dvq
Posts: 123
Joined: Mon Sep 25, 2017 1:36 pm

by dvq

morrisond wrote:
Sat Apr 07, 2018 2:50 am
That does look like pretty good coverage on the Rotor - Weird.

You will love RX4's - they provide the power you think you should get from Hydro's.

I'm building another bike with H11's and Campy Rotor's/Calipers so I should be able to compare.

I had two bikes with Shimano Hydro - very nice but I was underwhelmed by the braking power.
Ordered a set of RX4s after reading your post. I haven't been unhappy in the slightest with SRAM eTap HRD, I'm just willing to try something. I've been on the fence for a while just because I have no qualms with it and that it would require me to route new lines internally again.

hkgmatt
Posts: 6
Joined: Sun Apr 08, 2018 9:17 am

by hkgmatt

dogrange wrote:
Sat Apr 07, 2018 5:50 am
The Shimano rotors suck. The aluminum core makes them very soft and they go out of True under hard use and are very hard to bend back in a way that will stay. Steel rotors much better.
This is my experience as well. I'm running Dura Ace R9170 and I'm disappointed with brake performance generally, which I would say is on par with but not better than my rim brakes with aluminium Mavic wheels. The front rotor deformed after one of my first outings and needs replacing. I have not ridden the other disc brake options.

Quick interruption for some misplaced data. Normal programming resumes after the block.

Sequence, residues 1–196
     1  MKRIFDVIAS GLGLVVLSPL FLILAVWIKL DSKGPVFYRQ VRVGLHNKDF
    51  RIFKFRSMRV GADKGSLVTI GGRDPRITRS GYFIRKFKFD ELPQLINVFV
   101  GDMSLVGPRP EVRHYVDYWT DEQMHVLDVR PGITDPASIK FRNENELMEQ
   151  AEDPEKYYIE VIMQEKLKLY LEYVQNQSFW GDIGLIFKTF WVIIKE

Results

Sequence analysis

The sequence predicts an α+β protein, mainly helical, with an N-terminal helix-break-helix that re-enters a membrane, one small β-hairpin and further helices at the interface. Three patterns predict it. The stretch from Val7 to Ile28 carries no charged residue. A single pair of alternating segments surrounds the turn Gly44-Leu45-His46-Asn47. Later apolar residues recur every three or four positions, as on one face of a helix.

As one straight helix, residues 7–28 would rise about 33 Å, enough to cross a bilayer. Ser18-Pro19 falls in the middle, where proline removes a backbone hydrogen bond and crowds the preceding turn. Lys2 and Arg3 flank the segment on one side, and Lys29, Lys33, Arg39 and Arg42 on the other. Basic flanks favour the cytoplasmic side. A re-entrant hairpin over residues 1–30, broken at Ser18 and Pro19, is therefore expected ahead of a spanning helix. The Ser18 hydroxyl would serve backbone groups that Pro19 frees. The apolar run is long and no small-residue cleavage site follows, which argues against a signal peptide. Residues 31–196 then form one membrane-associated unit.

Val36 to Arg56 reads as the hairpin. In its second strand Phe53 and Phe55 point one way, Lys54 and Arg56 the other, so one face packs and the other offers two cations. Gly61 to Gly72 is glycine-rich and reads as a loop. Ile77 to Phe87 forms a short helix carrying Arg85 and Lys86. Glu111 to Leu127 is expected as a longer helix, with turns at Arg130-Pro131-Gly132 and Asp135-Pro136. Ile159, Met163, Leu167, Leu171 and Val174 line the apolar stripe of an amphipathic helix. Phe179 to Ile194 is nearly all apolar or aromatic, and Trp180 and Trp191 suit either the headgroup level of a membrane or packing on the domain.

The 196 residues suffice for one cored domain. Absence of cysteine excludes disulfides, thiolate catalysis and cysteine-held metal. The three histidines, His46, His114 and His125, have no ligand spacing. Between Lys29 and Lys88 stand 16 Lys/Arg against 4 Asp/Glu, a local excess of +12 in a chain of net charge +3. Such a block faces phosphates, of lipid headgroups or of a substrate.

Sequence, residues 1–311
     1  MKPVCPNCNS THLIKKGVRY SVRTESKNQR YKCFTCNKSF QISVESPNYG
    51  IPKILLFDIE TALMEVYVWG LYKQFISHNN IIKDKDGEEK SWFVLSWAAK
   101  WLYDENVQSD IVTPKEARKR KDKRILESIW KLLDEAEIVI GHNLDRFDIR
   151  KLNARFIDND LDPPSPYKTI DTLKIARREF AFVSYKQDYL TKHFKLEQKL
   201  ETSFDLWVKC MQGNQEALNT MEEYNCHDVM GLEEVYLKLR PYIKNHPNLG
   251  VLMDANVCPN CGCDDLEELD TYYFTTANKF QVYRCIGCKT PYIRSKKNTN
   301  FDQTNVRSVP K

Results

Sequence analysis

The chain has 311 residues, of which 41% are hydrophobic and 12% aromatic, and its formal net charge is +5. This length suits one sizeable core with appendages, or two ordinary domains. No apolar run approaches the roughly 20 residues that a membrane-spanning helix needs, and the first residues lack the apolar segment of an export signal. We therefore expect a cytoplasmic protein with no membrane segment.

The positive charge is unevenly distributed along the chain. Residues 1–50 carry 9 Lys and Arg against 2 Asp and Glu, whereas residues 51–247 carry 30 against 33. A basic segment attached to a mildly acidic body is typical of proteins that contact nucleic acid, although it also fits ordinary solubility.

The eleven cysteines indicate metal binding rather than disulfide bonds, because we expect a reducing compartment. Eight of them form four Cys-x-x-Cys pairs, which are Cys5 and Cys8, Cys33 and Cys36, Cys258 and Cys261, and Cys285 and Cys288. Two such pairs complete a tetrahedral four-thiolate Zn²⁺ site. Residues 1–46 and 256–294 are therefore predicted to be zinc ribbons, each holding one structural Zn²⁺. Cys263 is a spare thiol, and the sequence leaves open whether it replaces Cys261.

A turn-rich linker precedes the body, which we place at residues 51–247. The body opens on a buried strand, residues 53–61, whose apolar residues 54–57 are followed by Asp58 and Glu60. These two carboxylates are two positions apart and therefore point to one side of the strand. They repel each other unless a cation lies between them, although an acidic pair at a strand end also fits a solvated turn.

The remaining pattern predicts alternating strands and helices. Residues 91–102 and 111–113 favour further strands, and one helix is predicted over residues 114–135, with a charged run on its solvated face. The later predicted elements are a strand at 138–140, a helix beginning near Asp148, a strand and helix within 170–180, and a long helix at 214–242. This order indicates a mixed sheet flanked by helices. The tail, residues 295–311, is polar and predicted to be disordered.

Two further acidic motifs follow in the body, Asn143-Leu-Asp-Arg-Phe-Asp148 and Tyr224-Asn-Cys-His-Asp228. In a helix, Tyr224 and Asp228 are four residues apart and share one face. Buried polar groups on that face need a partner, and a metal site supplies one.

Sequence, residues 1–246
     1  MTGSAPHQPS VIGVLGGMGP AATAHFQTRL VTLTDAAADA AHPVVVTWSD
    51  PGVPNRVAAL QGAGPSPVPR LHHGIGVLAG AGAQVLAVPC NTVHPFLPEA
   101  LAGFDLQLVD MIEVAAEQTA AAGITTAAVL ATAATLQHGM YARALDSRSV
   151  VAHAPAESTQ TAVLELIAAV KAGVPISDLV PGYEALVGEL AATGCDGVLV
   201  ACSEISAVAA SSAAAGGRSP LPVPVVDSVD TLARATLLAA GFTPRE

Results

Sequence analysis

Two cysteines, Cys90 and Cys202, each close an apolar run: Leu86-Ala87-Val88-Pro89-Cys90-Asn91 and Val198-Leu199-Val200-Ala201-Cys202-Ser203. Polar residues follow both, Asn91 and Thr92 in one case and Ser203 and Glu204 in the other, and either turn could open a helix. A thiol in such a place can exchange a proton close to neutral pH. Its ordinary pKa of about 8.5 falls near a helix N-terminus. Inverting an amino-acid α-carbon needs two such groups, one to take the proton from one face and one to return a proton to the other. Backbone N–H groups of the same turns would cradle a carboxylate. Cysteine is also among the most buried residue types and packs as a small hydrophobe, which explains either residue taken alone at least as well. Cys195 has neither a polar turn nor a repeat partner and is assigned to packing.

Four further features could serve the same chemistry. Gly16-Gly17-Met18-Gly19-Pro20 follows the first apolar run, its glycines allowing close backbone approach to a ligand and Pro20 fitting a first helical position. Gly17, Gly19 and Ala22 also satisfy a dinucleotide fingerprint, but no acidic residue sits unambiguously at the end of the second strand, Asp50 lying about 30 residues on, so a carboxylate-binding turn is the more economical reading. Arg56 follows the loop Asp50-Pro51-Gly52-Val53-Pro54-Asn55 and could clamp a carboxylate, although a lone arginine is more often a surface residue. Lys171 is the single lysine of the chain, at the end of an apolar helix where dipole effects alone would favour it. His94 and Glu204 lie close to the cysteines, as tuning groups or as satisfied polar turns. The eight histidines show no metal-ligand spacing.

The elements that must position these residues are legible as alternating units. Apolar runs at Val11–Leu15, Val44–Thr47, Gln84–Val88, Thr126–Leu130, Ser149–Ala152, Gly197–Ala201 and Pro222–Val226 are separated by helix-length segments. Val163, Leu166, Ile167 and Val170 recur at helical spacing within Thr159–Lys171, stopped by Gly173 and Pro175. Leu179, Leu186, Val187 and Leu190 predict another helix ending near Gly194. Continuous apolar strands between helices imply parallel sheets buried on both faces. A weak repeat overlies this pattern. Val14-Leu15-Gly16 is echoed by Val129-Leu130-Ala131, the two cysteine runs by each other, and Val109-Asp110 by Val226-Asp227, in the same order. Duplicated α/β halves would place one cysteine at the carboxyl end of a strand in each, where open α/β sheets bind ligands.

dvq
Posts: 123
Joined: Mon Sep 25, 2017 1:36 pm

by dvq

hkgmatt wrote:
Sun Apr 08, 2018 9:23 am
dogrange wrote:
Sat Apr 07, 2018 5:50 am
The Shimano rotors suck. The aluminum core makes them very soft and they go out of True under hard use and are very hard to bend back in a way that will stay. Steel rotors much better.
This is my experience as well. I'm running Dura Ace R9170 and I'm disappointed with brake performance generally, which I would say is on par with but not better than my rim brakes with aluminium Mavic wheels. The front rotor deformed after one of my first outings and needs replacing. I have not ridden the other disc brake options.